“I’ve always just loved riding my bike,” says 19-year-old pro mountain biker Graham Agassiz. “It’s the one thing where I can get away from everything else, where I feel the happiest. Just riding my bike, that’s all I want to do.”
Since you’re reading this, we’re guessing you are a bike rider, too. While bicycles are indeed a simple way to get away and have fun, buying one isn’t always so simple. That’s why we huddled with Graham to bring you the following must-read bike buying tips.
MOUNTAIN, ROAD OR BMX?
“Before you go to a shop, know what kind of riding you want to do,” Graham says. “There’s a different type of bike for every type of riding you could want to do.”
Mountain bikes (above) are designed for off-road riding. There are three types of mountain biking: cross country (trail riding), downhill (it’s just like it sounds) and freeride (jumps and tricks on a mountain bike).
Road bikes (above) are made for riding on paved roads, often for long distances and at higher speeds.
Bikes for BMX (above) (which means bicycle motocross, but no one ever calls it that!) are smaller and used for doing tricks (on the dirt or street), racing motocross-style courses and jumping too.
WHERE TO SHOP
Once you’re set on what sort of riding you want to do, it’s time to pick a bike shop. Skip the department stores and warehouse-type places. They likely won’t have salespeople with the bike-speciﬁc expertise you need.
“Every town has a few bike shops, so you should check all of them out first,” Graham says. “Be careful, though. Sometimes people can sell you into a bike that might not work for you at all, and you’ll end up wasting your money that way.”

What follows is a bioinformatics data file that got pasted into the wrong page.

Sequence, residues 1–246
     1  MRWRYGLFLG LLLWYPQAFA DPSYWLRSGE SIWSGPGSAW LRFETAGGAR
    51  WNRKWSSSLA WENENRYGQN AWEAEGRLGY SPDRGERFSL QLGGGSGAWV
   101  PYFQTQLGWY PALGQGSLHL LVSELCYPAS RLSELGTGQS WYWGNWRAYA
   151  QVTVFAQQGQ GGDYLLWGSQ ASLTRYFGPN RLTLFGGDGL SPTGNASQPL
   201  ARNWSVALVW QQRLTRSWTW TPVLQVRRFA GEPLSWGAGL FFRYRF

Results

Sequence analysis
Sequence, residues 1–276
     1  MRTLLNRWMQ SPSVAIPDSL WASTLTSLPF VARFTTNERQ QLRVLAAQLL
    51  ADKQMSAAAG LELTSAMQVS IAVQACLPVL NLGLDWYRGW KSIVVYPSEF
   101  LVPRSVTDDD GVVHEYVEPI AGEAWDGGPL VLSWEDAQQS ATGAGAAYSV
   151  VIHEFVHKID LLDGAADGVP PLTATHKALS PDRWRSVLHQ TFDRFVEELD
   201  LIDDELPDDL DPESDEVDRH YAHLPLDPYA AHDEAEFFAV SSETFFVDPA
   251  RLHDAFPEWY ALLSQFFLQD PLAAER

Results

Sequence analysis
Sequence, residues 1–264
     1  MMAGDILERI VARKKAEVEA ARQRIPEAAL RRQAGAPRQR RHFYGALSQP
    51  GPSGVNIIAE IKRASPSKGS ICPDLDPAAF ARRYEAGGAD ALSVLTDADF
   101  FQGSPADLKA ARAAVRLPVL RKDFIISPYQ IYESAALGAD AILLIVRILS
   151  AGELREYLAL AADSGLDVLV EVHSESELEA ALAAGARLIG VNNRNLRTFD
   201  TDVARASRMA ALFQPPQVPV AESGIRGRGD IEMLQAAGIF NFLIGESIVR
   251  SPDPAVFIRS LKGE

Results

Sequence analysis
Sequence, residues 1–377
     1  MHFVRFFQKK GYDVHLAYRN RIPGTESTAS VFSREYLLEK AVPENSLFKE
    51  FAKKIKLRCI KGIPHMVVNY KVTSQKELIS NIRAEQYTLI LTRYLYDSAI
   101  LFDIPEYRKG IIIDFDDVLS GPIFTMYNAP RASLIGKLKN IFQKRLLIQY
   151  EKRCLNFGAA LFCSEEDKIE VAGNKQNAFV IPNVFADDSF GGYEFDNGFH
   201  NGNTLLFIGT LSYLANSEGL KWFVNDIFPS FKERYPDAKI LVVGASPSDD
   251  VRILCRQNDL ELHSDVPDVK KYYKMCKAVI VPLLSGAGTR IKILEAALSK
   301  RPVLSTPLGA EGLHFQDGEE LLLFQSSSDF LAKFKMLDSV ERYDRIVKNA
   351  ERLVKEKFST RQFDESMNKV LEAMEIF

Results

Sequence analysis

Pick a store where you feel comfortable with the salespeople, where they’re friendly and seem to know what they are talking about. Finally, when speaking to salespeople, be honest about your biking skills and where you plan to ride. That way, they can point you toward the best bike for your skill level.
The most important thing to consider when buying a bike is ﬁt. If the bike doesn’t ﬁt you correctly, it will be uncomfortable and difﬁcult to ride. Here are a few rules for bike ﬁtting:
Standover Height. Straddle the bike and then pick it up until it hits your crotch.
For a road bike, you should have about one inch of clearance between the bottom of the tires and the ﬂoor.
If it’s a mountain bike, you’ll need at least two inches of space — more if you plan on being a very aggressive rider. This much clearance is needed for optimum maneuverability and so you can hop on and off easily. If the mountain bike has a full suspension (shock absorbers on both front fork and tail), then you don’t need a full two inches of clearance as the suspension will compress a bit under your weight while riding.
Top Tube Length. The top tube is the horizontal tube that runs lengthwise along the bike’s frame from the seat to the handlebars. Sit on the saddle and reach for the handlebar.